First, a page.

Starting July 1, 2016, appointed juvenile defense attorneys will be required to have specific training in areas relevant to the defense of juvenile clients.
Juvenile Delinquency Court Is Very Different From Adult Criminal Court
Any person unde 18 years of age who commits a crime is subject to the jurisdiction of the juvenile court. The juvenile court seeks to rehabilitate a minor that violates a law, as opposed to adult court which seeks to punish adult offenders. Advances in brain research demonstrate that children and adolescents do not possess the same cognitive, emotional, decisionmaking, and behavioral capacities as adults. The California Legislature enacted Welfare and Institutions Code section 634.3 to ensure that appointed counsel for juveniles possess the necessary training and knowledge of the unique juvenile system so that juvenile offenders would not suffer wrongful judgments, to reduce unnecessary incarceration, and help the minors receive the care, treatment, and guidance upon which the juvenile system is premised.
Specific Requirements For Appointed Juvenile Defense Attorneys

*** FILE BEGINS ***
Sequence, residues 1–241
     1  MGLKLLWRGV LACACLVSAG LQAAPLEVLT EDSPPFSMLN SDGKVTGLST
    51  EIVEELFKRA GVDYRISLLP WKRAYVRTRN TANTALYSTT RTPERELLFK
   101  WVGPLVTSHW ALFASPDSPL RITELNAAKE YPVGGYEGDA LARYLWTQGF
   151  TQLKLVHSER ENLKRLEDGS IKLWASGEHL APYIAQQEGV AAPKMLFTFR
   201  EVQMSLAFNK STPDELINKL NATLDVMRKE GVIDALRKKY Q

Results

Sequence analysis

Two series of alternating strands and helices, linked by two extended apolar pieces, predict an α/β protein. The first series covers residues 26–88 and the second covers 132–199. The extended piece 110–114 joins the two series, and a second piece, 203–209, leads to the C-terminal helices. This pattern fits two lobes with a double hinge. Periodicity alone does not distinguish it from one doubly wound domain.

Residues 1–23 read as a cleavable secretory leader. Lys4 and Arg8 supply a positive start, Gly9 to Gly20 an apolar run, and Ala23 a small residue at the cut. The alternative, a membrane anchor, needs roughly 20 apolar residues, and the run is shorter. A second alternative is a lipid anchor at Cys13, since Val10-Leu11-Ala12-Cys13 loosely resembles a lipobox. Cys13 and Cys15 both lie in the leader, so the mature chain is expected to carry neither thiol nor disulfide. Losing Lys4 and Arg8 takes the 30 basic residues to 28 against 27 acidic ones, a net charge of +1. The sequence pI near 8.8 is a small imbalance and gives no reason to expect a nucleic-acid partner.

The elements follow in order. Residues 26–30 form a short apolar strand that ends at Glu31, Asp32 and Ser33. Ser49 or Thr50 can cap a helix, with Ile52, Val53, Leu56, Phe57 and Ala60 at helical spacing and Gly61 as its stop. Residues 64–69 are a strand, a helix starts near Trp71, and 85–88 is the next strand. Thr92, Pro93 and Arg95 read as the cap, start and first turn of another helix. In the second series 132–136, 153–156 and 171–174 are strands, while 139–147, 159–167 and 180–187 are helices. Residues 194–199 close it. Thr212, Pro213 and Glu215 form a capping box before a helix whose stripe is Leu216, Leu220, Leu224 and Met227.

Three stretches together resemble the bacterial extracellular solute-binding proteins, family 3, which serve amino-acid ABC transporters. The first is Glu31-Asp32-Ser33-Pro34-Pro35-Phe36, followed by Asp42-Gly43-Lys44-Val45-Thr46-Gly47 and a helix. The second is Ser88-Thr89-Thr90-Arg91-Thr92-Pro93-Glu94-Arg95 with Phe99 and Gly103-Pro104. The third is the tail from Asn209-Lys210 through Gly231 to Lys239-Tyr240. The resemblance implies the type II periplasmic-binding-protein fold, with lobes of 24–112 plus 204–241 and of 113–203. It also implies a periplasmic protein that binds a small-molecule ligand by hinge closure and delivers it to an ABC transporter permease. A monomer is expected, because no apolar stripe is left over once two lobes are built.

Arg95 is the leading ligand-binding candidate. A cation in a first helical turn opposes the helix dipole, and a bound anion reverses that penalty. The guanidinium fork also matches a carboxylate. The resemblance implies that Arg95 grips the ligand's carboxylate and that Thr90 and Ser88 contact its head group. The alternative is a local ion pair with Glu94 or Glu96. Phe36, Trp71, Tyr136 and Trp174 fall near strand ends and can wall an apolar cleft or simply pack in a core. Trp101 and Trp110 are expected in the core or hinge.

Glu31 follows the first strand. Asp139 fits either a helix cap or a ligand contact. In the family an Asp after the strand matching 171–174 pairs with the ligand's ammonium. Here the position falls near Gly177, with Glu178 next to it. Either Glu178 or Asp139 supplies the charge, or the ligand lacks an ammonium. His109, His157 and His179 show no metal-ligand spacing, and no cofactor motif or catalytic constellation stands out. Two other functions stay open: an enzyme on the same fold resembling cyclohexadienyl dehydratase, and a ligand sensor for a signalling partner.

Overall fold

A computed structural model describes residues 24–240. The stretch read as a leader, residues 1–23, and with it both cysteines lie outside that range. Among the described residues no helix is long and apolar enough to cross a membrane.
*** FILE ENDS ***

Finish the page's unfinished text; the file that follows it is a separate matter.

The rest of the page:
As of July 1, 2016, appointed defense attorneys will be required to do the following: (1) Provide effective and competent advocacy, including adequate investigation and preparation; (2) Provide legal representation based on the client's expressed interests and maintain confidentiality between the attorney and the minor client; (3) Confer with the minor client before each hearing and maintain a sufficient relationship with the minor to include the post disposition period (after the minor has been sentenced); (4) When appropriate, consult experts regarding education, mental health, and social welfare; and (5) The attorneys will be required to receive 12 hours of training and education a year covering all stages of representation of a juvenile from the initial meeting with the minor client to appellate issues, and the possible collateral consequences a juvenile record could have on the client when he/she is an adult.
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